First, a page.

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Supercomputers drive ion transport research

For a long time, nothing. Then all of a sudden, something. Wonderful things in nature can burst on the scene after long periods of dullness—rare events such as protein folding, chemical reactions, or even the seeding of ...

Image: A cloudy martian night through the eyes of a supercomputer

As NASA's Curiosity rover makes its way over the surface of Mars, it's sometimes accompanied by clouds drifting by in the sky above. Like Earth, the Red Planet has a water cycle, with water molecules moving between the surface ...

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Supercomputer

A supercomputer is a computer that is at the frontline of current processing capacity, particularly speed of calculation. Supercomputers introduced in the 1960s were designed primarily by Seymour Cray at Control Data Corporation (CDC), and led the market into the 1970s until Cray left to form his own company, Cray Research. He then took over the supercomputer market with his new designs, holding the top spot in supercomputing for five years (1985–1990). In the 1980s a large number of smaller competitors entered the market, in parallel to the creation of the minicomputer market a decade earlier, but many of these disappeared in the mid-1990s "supercomputer market crash".

Today, supercomputers are typically one-of-a-kind custom designs produced by "traditional" companies such as Cray, IBM and Hewlett-Packard, who had purchased many of the 1980s companies to gain their experience. As of July 2009[update], the IBM Roadrunner, located at Los Alamos National Laboratory, is the fastest supercomputer in the world.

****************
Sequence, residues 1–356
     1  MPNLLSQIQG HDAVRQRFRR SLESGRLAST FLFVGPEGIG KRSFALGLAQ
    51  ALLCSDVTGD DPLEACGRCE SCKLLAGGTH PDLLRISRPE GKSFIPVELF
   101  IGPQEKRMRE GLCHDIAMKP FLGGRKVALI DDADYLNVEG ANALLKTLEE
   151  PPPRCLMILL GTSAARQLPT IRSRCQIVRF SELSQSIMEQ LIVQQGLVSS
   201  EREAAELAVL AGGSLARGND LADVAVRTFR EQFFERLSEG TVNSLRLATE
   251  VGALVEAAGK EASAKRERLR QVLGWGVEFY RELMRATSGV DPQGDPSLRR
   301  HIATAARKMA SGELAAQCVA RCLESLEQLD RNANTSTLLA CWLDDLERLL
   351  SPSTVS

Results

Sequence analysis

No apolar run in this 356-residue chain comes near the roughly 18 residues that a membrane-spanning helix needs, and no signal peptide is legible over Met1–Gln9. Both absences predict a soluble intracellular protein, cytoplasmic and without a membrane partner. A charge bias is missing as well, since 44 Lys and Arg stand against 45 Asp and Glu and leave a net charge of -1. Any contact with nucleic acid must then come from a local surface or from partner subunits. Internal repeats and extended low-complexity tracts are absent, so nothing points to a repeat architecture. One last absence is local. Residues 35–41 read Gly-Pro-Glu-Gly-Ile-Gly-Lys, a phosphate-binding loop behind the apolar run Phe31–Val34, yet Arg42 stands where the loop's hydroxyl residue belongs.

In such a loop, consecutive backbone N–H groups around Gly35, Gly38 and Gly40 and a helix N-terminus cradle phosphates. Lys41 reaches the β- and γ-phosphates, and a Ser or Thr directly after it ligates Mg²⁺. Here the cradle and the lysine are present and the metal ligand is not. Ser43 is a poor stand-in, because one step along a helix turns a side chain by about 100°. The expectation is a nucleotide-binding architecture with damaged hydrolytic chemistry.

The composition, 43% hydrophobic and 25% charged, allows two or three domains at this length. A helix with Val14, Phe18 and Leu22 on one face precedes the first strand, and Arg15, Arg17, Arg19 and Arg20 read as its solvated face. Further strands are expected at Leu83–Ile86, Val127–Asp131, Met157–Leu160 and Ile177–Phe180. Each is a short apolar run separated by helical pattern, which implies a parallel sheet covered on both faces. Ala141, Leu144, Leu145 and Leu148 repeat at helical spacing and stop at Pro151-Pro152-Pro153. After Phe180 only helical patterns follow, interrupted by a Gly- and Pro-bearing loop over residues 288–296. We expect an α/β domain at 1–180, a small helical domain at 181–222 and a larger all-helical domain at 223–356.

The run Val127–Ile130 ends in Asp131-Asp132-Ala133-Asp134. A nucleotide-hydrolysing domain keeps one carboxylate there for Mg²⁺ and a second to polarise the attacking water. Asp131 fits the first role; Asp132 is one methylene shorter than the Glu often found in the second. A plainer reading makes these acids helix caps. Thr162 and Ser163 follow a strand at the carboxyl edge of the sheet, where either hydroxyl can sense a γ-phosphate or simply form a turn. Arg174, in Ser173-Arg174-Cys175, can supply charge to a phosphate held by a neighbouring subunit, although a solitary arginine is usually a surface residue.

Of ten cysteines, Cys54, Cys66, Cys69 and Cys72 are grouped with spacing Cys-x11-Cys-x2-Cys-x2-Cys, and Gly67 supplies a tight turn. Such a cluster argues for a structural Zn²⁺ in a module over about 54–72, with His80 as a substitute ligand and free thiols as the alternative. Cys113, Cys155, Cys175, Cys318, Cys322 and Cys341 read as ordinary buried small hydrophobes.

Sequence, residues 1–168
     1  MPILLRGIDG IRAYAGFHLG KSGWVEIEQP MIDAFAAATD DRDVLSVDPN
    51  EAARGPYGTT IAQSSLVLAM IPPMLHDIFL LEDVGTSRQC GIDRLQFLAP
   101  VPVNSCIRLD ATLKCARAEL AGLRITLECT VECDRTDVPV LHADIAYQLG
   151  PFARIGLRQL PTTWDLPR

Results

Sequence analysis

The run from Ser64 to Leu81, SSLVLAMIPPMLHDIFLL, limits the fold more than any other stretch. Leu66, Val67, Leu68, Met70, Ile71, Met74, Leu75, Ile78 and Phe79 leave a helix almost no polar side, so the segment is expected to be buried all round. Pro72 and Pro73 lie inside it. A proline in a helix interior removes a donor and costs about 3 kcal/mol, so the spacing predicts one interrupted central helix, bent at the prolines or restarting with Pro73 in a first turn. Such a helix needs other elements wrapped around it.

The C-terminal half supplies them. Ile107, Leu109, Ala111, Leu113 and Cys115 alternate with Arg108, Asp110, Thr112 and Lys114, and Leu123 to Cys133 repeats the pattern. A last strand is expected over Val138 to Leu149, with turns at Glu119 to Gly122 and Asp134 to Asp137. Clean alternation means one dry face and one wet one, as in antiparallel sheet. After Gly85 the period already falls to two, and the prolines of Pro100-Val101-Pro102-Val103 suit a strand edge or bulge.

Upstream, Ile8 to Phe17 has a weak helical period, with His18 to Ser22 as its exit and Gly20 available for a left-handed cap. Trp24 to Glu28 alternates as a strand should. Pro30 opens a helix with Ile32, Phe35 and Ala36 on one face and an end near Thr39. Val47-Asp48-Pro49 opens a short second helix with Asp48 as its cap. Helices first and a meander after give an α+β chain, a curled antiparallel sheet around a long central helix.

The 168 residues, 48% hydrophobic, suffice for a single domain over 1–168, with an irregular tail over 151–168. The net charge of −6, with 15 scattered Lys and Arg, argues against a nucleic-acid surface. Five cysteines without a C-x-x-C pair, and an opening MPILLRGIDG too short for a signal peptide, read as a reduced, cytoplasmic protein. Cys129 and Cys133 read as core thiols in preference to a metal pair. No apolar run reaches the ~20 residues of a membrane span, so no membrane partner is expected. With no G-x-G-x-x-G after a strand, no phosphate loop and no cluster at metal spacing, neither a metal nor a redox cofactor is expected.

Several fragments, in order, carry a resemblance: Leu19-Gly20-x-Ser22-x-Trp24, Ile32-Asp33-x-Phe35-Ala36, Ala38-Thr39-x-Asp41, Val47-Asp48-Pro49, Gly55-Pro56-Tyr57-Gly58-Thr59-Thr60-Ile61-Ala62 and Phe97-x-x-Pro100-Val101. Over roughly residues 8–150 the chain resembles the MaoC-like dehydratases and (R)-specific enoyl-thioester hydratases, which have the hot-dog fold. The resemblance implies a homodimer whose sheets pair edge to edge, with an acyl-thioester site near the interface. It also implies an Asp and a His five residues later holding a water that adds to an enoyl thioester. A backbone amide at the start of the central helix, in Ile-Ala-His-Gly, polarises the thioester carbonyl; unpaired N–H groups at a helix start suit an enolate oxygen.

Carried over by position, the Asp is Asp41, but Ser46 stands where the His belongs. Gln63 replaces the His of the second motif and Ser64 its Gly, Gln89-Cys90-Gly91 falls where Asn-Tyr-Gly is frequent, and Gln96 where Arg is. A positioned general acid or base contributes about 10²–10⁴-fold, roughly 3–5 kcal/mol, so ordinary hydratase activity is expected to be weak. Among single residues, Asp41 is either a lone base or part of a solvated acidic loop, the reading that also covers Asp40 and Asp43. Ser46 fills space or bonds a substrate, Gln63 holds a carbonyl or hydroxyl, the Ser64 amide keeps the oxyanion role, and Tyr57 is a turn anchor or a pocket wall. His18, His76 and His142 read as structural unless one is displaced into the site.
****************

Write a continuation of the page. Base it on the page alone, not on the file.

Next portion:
The term supercomputer itself is rather fluid, and today's supercomputer tends to become tomorrow's ordinary computer. CDC's early machines were simply very fast scalar processors, some ten times the speed of the fastest machines offered by other companies. In the 1970s most supercomputers were dedicated to running a vector processor, and many of the newer players developed their own such processors at a lower price to enter the market. The early and mid-1980s saw machines with a modest number of vector processors working in parallel to become the standard. Typical numbers of processors were in the range of four to sixteen. In the later 1980s and 1990s, attention turned from vector processors to massive parallel processing systems with thousands of "ordinary" CPUs, some being off the shelf units and others being custom designs. Today, parallel designs are based on "off the shelf" server-class microprocessors, such as the PowerPC, Opteron, or Xeon, and most modern supercomputers are now highly-tuned computer clusters using commodity processors combined with custom interconnects.

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